UK Jewish organizations are livid after it was decided this week that Ken Livingstone, the former mayor of London and a member of Britain’s Labour Party, will not be expelled by Labour officials over anti-Semitic comments made in 2016.
In an April 2016 BBC radio interview, Livingstone suggested that Adolf Hitler had been a supporter of Zionism.
“Let’s remember when Hitler won his election in 1932 his policy then was that Jews should be moved to Israel,” Livingstone said. “He was supporting Zionism.”
Rather than being expelled for his comments, Livingstone was suspended from holding office for two years and has already served 11 months of that sentence.
One of the groups outraged by the decision was Jewish security watchdog the Community Security Trust, which said the failure to expel Livingstone “strengthens real anti-Semites and their fellow travelers, and will leave the community less serious than ever that the Labour party is serious in dealing with anti-Semitism.”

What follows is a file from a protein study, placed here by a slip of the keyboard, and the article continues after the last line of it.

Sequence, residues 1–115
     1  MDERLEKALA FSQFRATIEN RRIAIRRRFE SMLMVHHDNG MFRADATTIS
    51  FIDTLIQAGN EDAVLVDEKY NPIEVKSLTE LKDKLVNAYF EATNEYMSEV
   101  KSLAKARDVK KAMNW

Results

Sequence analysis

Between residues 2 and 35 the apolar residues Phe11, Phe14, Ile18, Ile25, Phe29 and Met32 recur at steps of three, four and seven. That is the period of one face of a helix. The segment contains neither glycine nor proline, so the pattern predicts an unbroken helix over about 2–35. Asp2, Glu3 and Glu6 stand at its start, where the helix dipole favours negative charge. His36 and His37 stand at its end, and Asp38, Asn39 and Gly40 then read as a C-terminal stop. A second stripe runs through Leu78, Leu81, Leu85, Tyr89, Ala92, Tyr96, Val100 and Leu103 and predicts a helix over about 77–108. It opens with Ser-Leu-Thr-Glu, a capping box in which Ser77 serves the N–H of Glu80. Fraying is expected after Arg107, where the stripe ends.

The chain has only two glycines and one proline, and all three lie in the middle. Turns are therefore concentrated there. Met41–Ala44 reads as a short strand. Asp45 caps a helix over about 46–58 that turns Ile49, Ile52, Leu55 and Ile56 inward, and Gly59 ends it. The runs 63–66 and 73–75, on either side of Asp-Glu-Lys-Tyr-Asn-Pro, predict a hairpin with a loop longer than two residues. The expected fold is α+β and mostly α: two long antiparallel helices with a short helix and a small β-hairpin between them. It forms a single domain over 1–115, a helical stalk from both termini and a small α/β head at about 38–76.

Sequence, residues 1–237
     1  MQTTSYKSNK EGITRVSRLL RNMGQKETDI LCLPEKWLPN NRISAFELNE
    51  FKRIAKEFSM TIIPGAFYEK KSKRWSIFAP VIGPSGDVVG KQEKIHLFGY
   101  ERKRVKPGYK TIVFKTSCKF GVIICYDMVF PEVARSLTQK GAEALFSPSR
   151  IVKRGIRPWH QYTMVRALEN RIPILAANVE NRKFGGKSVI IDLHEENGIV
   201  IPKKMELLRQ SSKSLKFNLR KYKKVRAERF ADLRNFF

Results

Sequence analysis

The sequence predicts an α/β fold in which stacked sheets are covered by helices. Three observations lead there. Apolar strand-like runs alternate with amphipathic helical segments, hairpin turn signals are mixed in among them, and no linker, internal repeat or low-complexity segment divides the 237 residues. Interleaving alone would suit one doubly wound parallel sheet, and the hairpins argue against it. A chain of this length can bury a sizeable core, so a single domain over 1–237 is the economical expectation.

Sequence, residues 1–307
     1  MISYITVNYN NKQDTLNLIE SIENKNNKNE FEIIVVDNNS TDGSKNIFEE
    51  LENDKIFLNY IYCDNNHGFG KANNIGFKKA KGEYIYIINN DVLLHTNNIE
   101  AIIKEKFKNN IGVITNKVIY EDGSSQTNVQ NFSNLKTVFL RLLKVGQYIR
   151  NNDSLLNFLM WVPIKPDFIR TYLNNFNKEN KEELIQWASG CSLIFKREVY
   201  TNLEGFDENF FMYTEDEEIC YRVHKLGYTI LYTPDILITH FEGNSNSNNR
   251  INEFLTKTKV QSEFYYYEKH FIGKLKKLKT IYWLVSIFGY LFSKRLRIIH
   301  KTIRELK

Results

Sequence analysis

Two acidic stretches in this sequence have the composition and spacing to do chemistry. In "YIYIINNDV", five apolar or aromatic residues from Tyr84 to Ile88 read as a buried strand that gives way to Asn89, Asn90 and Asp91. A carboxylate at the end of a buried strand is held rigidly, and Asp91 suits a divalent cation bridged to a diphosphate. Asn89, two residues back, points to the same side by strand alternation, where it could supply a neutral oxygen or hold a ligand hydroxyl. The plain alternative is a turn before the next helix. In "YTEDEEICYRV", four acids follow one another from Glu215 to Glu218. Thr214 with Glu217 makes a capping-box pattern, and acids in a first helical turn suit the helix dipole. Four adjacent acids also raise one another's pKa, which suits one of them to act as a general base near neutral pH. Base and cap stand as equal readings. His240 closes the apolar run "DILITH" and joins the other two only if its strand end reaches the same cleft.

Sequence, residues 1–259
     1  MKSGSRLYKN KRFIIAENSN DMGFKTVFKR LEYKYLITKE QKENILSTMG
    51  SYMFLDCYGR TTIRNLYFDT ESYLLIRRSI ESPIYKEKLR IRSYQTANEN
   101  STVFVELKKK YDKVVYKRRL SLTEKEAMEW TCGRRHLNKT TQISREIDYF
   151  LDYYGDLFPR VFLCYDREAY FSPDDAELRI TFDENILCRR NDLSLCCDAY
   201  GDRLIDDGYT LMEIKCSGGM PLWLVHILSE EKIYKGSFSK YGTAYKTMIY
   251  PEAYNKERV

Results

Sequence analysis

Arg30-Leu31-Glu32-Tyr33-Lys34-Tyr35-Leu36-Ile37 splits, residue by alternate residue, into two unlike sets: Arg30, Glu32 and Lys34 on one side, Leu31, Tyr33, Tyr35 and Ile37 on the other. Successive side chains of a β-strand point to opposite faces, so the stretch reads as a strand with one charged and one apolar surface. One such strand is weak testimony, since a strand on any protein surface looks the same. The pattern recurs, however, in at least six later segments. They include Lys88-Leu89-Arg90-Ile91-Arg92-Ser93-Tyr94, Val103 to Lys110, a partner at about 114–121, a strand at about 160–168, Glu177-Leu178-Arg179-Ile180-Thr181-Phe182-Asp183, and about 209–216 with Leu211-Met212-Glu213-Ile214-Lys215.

Jonathan Arkush, the president of UK Jewish umbrella group the Board of Deputies, said that relations between the Labour Party and the Jewish community “have reached an all-time low,” according to Haaretz.
“All we can conclude form this hopelessly wrong decision is that the party has an enduring problem with anti-Semitism to which it is unwilling to face up,” Arkush said.
Livingstone is one of several Labour Party members to have been suspended over the past year for anti-Semitic comments. Though party leader Jeremy Corbyn tweeted last year that there is “no place for anti-Semitism” in his party, he himself has been the subject of controversy for perceived anti-Israel sentiment and positive comments regarding the Palestinian terror group Hamas.